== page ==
Thoughts on the history-making night at Diddle

Ball State’s Kelly Packard took time for a group hug with her assistant coaches before she went to shake hands with legendary Tennessee women’s basketball coach Pat Summitt.

Packard will begin to prepare for second-round opponent Iowa State. Preparing for a second-round opponent is something Summitt has never missed out on. The Lady Vols were 21-0 all-time in NCAA tournament first-round games going into the game with Ball State on Sunday night.

Then Rocky Top came tumbling down.

Packard, the first-year coach at Ball State, recorded her 26th career win and the school’s first NCAA Tournament win with a 71-55 victory over the two-time defending national champions.

“I wanted us to play with class,” Packard said. “I wanted us to play with character and I wanted us to finish, no matter the outcome, the same way these young ladies have represented themselves and Ball State University the entire season.”

The close-to-4,000 people at Diddle Saturday night probably planned on seeing another Tennessee first round victory. Instead of seeing the Lady Vols win their 22nd first round game in school history, they saw Tennessee lose their first.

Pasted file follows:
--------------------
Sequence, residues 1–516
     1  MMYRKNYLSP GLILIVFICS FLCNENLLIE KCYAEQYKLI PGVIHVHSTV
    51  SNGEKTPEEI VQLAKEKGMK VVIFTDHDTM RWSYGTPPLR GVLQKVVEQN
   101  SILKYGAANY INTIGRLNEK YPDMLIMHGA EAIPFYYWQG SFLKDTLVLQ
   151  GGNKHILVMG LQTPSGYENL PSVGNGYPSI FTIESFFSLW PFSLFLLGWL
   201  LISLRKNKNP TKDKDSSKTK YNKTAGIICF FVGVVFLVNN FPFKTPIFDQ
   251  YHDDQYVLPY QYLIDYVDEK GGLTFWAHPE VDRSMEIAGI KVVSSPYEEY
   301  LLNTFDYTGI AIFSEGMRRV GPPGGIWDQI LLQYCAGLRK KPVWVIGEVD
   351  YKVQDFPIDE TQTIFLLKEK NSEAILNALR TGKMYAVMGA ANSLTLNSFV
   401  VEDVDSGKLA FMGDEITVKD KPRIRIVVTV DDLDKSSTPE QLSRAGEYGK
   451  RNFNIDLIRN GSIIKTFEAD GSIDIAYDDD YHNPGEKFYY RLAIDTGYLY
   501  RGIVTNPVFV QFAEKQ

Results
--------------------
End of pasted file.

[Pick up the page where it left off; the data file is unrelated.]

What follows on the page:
I’m not sure if the likes of Ball State guard Kiley Jarrett and forward Emily Maggert were just too worn out to show the joy on their face, but they sat in the post-game press conference poised and calm, answering questions while on a few occasions flashing grins.

“It’s just unbelievable,” Jarrett said. “Tennessee is a great team. I’d be lying to you if I told you it was going to be a 16-point victory. They’re a great team, and I’m not going to take anything away from them.”

Ball State did a great job creating offense from their defense. The Cardinals scored 17 points off of 16 Tennessee turnovers.

With two minutes to go, the large Tennessee contingency that had decorated Diddle Arena with Rocky Top orange began to head for the exits.

Ball State may have already fit themselves for Cinderella’s slipper in the NCAA women’s tournament. The little school in Muncie, Ind., took down one of the giants in women’s college basketball Sunday night. Ball State’s 146,00 living alumni were smiling tonight.

And one of the more famous alums, David Letterman, had a lot more than 10 reasons to smile.

What’s also interesting is the game was played on Western’s floor, the same floor where Western’s men’s basketball team played many games this season with many of the same characteristics that Ball State played with: heart, determination, togetherness.

It makes you wonder if there’s something in the air.

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